Friday October 13 in Brussels, one word was on everyone’s lips: the “Scopaff”, for “Standing committee on plants, animals, food and feed”, or, in French, the Standing Committee on Plants, Animals, Foodstuffs and animal feed. Because it is within this “Scopaff”, one of the favorite acronyms on the European market, that the future of glyphosate, this molecule which is used in particular to develop the very controversial Roundup, is at stake. But this Friday the 13th did not bring luck to the European Commission: its proposal, unveiled in September and aimed at renewing the authorization of this herbicide for ten years in the European Union (EU), did not obtain approval. of member states.
At “Scopaff”, which is none other than a committee dependent on the European executive and which brings together national experts, decisions are taken by qualified majority. To renew the authorization of glyphosate, which has, since 2015, been considered a “probable carcinogen” for humans by the International Agency for Research on Cancer of the World Health Organization (WHO), it was necessary that 55% Member States, representing at least 65% of the EU population, agree. But it has not happened.
At the end of two days of meetings, when a formal vote was organized at the end of the morning, Austria, Croatia and Luxembourg voted against the reauthorization. France abstained, as did Germany, Belgium, Slovenia and Malta. On the European political scene, the Baltic countries and the Nordic countries are considered the most favorable to the use of glyphosate.
An initial modified proposal
To try to convince as many people as possible, the Commission had, before this crucial “Scopaff” meeting, reworked its initial proposal: the reauthorization period of 10 years was maintained, but new safeguards were introduced, as by example of maximum herbicide use thresholds – per hectare and per year. This was not enough to convince Paris or Berlin, capable on their own of tipping the balance to one side or the other.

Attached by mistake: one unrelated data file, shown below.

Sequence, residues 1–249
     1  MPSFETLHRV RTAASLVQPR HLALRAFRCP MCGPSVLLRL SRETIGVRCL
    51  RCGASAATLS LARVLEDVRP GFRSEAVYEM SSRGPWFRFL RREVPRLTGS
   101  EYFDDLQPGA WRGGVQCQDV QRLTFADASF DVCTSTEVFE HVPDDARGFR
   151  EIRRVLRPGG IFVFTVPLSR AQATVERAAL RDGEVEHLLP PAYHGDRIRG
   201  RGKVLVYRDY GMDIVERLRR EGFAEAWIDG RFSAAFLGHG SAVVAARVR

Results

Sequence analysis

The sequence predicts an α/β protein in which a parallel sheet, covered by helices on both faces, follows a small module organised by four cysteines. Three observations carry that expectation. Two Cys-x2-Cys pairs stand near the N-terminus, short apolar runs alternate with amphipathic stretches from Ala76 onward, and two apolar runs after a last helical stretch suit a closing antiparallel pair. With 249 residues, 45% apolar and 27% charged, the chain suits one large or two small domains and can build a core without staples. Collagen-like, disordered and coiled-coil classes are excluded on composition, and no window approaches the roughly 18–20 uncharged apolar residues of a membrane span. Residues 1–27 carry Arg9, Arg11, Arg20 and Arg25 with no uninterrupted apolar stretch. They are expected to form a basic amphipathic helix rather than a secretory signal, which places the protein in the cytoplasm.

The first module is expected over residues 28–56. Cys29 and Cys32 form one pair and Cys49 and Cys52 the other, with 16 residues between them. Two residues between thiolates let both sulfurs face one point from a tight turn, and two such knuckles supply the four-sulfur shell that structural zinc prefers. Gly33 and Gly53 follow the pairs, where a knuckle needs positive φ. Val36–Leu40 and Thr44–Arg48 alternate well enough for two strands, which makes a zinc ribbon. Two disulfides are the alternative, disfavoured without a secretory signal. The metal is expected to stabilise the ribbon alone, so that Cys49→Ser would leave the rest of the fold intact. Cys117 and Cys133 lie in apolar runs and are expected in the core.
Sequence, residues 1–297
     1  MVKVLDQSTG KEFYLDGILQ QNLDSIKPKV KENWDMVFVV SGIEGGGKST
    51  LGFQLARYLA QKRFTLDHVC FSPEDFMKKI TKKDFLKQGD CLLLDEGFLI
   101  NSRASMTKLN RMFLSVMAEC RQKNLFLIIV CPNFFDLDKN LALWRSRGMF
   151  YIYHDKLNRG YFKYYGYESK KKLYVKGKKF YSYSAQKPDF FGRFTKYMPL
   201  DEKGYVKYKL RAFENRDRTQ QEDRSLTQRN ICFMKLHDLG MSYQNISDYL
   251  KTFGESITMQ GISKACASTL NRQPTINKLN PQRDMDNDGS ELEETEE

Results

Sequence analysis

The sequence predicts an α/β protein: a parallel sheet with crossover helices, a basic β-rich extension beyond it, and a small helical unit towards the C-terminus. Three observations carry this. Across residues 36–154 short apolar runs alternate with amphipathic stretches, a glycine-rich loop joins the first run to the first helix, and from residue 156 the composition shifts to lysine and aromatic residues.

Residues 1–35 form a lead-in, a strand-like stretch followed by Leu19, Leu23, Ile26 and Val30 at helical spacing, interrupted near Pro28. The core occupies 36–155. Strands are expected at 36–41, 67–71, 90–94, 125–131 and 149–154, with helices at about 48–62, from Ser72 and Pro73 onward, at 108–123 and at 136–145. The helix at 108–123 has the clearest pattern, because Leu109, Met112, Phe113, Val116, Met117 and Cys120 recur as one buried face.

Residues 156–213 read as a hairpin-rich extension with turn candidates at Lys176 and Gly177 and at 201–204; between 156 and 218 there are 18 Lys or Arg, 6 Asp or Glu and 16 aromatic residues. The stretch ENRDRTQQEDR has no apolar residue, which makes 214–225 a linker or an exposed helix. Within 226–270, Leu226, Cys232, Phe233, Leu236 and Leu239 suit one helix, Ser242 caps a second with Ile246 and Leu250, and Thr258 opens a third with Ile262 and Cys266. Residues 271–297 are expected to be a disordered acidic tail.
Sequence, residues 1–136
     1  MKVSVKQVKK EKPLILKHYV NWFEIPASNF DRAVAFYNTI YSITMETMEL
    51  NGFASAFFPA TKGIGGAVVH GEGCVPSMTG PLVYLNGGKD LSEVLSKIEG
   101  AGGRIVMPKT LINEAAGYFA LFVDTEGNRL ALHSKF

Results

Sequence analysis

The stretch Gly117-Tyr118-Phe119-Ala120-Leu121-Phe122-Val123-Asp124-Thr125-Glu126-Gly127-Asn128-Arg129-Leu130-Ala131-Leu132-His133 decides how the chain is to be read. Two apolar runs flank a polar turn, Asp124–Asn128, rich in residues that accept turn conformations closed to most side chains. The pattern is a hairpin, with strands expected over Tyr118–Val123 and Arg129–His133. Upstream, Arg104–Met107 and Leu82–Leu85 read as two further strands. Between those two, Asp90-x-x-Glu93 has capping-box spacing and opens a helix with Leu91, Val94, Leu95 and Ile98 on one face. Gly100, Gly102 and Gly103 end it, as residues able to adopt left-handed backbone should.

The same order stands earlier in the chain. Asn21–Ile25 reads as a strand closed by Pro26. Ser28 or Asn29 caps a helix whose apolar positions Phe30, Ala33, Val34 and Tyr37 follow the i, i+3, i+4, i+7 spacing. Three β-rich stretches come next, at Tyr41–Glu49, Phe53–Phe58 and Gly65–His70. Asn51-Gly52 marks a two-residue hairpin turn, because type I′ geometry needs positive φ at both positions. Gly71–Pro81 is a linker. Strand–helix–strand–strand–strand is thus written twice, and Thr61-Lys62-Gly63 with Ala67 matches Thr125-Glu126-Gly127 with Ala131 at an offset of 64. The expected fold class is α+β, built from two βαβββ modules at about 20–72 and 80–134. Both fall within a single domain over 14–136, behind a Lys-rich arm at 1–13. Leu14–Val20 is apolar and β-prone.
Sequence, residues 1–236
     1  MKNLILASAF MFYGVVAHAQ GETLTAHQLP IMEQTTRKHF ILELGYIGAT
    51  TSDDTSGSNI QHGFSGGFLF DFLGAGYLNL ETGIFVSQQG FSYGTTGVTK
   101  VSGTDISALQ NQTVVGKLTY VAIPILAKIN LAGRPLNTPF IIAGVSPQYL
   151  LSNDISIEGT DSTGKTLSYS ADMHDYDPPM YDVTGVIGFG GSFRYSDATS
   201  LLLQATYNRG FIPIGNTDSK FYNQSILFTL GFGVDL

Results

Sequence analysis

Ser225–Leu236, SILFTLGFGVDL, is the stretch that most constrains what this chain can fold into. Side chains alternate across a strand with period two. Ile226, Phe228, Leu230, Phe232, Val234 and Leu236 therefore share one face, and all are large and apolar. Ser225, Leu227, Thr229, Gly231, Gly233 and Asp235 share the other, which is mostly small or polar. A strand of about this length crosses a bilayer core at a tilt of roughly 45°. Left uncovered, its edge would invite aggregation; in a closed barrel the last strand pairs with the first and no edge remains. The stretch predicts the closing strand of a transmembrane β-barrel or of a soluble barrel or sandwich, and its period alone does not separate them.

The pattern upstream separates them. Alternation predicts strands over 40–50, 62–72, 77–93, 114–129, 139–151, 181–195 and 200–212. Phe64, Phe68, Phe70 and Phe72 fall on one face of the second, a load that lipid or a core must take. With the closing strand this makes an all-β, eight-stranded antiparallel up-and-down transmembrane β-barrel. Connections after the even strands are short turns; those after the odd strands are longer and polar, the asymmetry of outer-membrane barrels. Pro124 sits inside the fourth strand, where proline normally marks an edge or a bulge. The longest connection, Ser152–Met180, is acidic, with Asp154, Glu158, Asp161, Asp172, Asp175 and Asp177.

The European executive, which stands behind the European Food Safety Authority (EFSA), for which there is no “area of critical concern” in humans, animals and the environment likely to prevent authorization of the substance, must therefore review its copy once again. A new version of its “executing act” is expected at the end of October, and a new vote should be organized at the beginning of November.
The European Parliament, for its part, is trying as best it can to make itself heard (even if, in this opaque process known as “comitology”, it does not have a direct say): the Greens group has already already filed an objection calling for the pesticide to be banned. This resolution will be put to the vote in the Environment, Public Health and Food Safety Committee on Tuesday, October 24.
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